Blackberry Playbook not the smallest Tablet PC but an excellent one
True, Blackberry Playbook may not be the smallest tablet PC in the world, but definitely it is a far cry from iPad 2’s size, its nearest competitor.
It looks gigantic when placed side by side to Playbook.
And in this day and age where small means power and value, Playbook captures the attention of many tablet PC.
Don’t let the size fool you, the device still packs a punch and comes fully loaded.
The Smallest Tablet PC: So What?
A number of critics have called the Playbook a mere imitation to its forebears. But for those who got their hands on the product when it was revealed, that is not exactly true. If they can only look past the size and look of the smallest tablet PC, they will discover it is packed with incredible features and worth-loving functions.
But let us talk about how it looks like first. It is difficult not to notice Blackberry Playbook. At 7 inches, it beats Apple’s iPad, Motorola’s Xoom, and HP’s TouchPad in terms of size. It is small enough to fit in to any journal, purse, or very small bag. It also weighs less at 14 ounces. It features a pitch-black finish, which is very common among Blackberry products such as their smartphones.
Like iPad 2, it boasts of a multi-touch interface. This means to navigate, one has to simply scroll and swipe. But there is something different. It does not have a Home button. Instead, on top of the device are the power, the volume, as well as the Play/Pause buttons. To wake the Playbook, tap the bottom and swipe your finger all the way up.
Playbook does not have the highest resolution among tablet PCs. The crown actually belongs to Motorola Xoom at 1280 by 800. However, because of its diminutive screen, Playbook has the capacity to showcase images and videos in more stellar quality, with richer colors, contrast, brightness, and shadows.
Fortunately, the vivid rendering of images of the smallest tablet PC is carried over to its dual camera. Images and videos are so clear it can put iPad 2, which is known for its video chat capability, to shame. It features 3MP for the front and 5MP for the back—both HD. If these are not enough, Playbook possesses an HDMI port for excellent video output; and to ensure too that users will not miss out any snapshot, Playbook is packed with 1GB RAM and offers three storage capacities: 16 GB, 32 GB, and 64 GB.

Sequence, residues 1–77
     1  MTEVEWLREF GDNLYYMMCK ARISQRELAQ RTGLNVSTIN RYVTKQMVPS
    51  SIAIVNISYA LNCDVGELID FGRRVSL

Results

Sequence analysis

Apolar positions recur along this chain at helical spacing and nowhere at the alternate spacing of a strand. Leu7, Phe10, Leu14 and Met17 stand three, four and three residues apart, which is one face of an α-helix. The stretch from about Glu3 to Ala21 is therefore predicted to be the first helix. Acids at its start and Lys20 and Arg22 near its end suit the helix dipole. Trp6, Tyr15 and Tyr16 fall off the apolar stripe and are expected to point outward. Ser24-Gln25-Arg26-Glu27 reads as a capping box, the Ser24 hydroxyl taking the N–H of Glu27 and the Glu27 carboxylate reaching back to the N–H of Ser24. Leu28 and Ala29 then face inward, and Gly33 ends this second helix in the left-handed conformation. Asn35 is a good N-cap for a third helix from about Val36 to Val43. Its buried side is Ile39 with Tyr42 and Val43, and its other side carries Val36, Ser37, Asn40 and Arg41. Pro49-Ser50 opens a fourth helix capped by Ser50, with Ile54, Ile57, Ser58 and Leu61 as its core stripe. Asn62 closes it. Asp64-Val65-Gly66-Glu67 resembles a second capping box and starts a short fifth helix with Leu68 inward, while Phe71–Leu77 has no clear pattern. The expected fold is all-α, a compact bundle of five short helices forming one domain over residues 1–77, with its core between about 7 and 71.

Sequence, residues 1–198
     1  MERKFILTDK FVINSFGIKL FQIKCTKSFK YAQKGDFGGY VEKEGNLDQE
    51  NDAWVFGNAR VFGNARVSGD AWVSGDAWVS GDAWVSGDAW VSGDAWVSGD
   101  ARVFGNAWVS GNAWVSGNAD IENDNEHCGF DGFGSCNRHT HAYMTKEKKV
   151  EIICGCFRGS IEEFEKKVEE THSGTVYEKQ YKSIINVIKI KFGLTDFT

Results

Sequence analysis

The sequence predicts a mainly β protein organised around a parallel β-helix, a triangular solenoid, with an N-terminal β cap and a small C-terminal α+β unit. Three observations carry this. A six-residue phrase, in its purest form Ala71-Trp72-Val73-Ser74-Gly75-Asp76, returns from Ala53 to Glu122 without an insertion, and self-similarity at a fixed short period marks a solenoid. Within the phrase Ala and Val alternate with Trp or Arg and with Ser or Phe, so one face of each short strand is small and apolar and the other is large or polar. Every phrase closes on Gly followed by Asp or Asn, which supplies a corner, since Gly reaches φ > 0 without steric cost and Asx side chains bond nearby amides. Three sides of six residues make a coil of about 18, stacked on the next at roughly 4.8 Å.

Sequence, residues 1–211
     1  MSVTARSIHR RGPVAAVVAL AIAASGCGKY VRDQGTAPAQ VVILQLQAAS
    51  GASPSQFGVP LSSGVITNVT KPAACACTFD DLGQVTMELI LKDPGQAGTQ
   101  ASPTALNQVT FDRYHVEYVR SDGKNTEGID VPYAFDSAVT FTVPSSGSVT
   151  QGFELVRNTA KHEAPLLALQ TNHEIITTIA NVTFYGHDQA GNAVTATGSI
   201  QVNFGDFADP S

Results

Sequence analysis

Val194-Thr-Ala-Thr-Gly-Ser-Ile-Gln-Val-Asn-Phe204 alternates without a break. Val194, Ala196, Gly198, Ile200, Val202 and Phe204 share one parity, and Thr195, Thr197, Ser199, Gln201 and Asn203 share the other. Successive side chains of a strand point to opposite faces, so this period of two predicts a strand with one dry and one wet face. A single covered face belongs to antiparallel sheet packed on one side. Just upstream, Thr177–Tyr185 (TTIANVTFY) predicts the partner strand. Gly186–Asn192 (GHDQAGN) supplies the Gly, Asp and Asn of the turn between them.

A number of people have definitely questioned the fact that Blackberry did not settle for the more common operating systems, such as Android, considering that Apple is running iOS, one of the most popular in the market today. But Research in Motion (RIM) knows better how to play the game.
The smallest tablet PC runs using Blackberry Tablet OS, which is based on QNX. Only a few know that it has been around for 30 years or even before Linux came about. Simply put, its core operating system spells reliability and tried-and-tested performance even for the most demanding applications. This also explains why users do not need to reboot Playbook or close the rest of the applications if the one crashes. Further, the operating system allows the tablet PC to function very smoothly.
The operating system is also responsible for the very fast browsing capabilities of the smallest tablet PC. Many can even attest it works more quickly than Motorola’s Xoom, and unlike iPad 2, Blackberry Playbook supports Flash, allowing users to fully enjoy multimedia such as videos and dynamic websites.
Multitasking is not an issue with the smallest tablet PC. Some tablet PCs like iPad 2 need to compel their users to press some buttons before they can open or run applications; but Playbook can stream videos, open e-mails, and browse the Internet all at the same time.
Blackberry has an inherent 3G capability, though RIM still needs to officially launch its 3G version (complete with a carrier). In the meantime, to browse the Internet, users can utilize Wi-Fi networks, which can be easily picked up by Playbook. It is also compatible with Bluetooth.
Playbook does not offer a lot of apps and accessories; but what they have are basic, fundamental, and well-thought-out. For example, the mono headset blocks background noise for more ergonomic listening. Majority of the sleeves have open parts to allow users to attach cables and other media devices without removing Playbook from the case.
What Is There to Worry?
So far, there are only three things to be wary about. First, its e-mail capabilities still leave so much to be desired. While some tablet PCs have native e-mails, Playbook does not. This is ironic since Blackberry has always been known for its highly advanced e-mail technologies and innovation. For users to open and access their e-mail accounts, they need to sync the device to their BB smartphone using Blackberry Bridge. Otherwise, they have to go through the browser to open their webmail platform.
There may also be some issues with the battery. At only 5-plus hours, it does not last as long as other tablet PCs such as iPad 2. Moreover, since the batteries cannot be removed, there is no chance users can settle for the more affordable after-market ones.
Then there is the price. Though it is not the priciest, it is not the cheapest either. And with the potential release of its 3G and perhaps 4G versions, the price will most likely increase.
Smallest Tablet PC: It Is Still Worth Every Penny
Despite its flaws, Blackberry Playbook still possesses all the attributes to charm not just business but also regular tablet PC users. It is backed by technologies that have been known to be the most secured and centralized. The operating system that supports its functions is undoubtedly superior than that found in some competitors. Who knows, too, what’s going to happen in the next few months only that the changes will only make Playbook better.
Playbook just proves the reality of one of the age-old proverbs: do not judge the book by its cover—or, in this case, size.